Iowa State's Upset of Cowboys Tops List for 2011
DES MOINES, Iowa (AP) — Iowa State's football team entered the 2011 season picked to finish next-to-last in a league that many thought might soon dissolve.
Two months later, the Cyclones were celebrating the biggest win in school history, one that had a major impact on the BCS national title and topped The Associated Press' list of sports stories to remember in Iowa this year.
Iowa State's 37-31 double-overtime win over then-No. 2 Oklahoma State on Nov. 18 was the program's first over a top-5 team, clinching a bowl bid for the Cyclones and knocking the Cowboys out of the national title picture.
Iowa State was able to breathe much easier when the Big 12's schools reaffirmed their commitment to each other and lured powers TCU and West Virginia to join the league.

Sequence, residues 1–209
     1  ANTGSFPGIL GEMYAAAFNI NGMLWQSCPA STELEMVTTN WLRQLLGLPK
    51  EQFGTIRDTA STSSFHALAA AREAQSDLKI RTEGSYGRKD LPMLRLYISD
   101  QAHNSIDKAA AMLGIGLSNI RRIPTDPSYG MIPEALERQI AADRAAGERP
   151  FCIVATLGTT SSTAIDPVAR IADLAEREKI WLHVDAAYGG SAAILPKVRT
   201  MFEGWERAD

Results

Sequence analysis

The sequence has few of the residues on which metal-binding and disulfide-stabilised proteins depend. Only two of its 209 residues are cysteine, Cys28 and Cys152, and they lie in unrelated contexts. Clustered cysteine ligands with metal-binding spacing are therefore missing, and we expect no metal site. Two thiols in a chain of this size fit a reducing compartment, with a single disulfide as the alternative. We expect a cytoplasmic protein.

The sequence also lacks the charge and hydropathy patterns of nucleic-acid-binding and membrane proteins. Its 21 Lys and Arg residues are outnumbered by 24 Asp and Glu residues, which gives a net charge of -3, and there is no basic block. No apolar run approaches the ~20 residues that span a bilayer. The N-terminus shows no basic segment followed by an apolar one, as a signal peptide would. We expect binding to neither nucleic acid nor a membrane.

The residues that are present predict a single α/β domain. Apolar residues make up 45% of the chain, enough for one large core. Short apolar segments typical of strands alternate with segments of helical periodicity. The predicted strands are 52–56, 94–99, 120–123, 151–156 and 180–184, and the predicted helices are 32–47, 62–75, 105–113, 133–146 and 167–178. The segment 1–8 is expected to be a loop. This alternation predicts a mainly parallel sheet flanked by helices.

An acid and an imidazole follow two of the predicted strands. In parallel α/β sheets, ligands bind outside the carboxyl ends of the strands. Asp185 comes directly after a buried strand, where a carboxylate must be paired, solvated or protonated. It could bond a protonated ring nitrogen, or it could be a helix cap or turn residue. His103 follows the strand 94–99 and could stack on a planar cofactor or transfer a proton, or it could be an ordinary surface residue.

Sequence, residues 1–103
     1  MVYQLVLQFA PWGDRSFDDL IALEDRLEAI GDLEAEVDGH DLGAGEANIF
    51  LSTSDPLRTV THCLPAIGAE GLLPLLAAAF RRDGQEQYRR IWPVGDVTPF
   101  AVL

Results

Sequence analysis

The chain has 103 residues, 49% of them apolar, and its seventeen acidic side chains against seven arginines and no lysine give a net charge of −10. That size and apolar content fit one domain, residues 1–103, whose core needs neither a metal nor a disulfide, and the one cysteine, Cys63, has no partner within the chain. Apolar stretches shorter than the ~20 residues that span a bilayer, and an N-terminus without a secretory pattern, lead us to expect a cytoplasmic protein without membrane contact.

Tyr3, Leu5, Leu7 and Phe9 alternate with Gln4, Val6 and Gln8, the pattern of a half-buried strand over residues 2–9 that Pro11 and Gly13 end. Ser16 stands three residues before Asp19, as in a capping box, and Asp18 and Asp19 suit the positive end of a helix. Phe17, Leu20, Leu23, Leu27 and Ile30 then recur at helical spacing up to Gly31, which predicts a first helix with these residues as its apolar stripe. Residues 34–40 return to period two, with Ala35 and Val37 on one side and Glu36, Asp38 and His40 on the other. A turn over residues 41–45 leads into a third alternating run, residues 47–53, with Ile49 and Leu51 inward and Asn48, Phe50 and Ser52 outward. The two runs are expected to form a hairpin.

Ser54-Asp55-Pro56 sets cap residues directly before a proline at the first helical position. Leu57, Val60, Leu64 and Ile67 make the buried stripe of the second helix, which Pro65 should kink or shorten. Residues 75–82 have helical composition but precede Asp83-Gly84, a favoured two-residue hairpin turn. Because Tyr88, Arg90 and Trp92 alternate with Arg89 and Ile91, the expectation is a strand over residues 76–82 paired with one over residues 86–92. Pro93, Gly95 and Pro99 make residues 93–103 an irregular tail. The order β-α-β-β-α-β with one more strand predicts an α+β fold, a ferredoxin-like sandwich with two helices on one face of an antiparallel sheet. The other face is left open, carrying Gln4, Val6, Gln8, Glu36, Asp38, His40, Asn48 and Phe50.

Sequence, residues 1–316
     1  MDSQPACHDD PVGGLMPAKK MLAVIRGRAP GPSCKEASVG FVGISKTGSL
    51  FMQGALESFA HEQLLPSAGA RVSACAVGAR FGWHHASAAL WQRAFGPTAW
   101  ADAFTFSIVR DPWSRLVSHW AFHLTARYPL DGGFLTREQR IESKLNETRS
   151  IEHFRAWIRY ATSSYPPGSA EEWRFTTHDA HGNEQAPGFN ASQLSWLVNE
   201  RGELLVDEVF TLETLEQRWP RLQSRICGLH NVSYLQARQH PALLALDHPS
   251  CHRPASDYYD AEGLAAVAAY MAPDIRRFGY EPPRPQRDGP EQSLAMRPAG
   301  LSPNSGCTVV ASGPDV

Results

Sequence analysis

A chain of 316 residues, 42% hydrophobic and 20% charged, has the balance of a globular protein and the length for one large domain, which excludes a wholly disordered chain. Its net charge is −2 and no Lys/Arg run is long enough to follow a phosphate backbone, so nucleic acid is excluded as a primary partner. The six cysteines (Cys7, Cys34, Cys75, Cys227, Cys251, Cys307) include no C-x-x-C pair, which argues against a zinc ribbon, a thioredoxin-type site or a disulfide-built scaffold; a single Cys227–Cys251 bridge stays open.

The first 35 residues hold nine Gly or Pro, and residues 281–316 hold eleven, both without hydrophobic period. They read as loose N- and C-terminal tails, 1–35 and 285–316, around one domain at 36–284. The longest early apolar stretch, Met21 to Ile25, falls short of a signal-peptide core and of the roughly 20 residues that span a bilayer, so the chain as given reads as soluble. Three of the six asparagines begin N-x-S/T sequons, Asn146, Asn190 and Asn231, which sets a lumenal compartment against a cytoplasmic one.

The program further solidified its future earlier this month when it signed coach Paul Rhoads to a 10-year contract worth roughly $20 million.
Though the Cyclones finished just 6-6 in the regular season, that win over Oklahoma State earned them a trip to face Rutgers in the Pinstripe Bowl on Dec. 30.
The other top stories:
2. Wrestling Controversy: Cedar Falls freshman Cassy Herkelman made local headlines last winter as one of two girls to reach the iconic Iowa state wrestling tournament for the first time.
The decision by Herkelman's opponent not to compete against her thrust her into the national spotlight.
Linn-Mar's Joel Northup, citing religious beliefs, defaulted his match to Herkelman because of her gender. The move quickly became a hot-button topic around the country, but Bill Herkelman, Cassy's father, defended Northup for sticking to his beliefs.